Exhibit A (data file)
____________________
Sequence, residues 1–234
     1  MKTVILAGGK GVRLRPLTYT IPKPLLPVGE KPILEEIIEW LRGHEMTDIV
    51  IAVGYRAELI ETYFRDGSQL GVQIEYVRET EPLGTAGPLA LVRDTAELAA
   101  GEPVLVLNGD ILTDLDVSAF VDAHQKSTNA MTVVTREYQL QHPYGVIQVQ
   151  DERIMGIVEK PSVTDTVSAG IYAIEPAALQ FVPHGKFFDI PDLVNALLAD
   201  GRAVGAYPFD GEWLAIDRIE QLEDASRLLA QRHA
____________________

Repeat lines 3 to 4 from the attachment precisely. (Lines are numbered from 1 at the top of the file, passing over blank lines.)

    51  IAVGYRAELI ETYFRDGSQL GVQIEYVRET EPLGTAGPLA LVRDTAELAA
   101  GEPVLVLNGD ILTDLDVSAF VDAHQKSTNA MTVVTREYQL QHPYGVIQVQ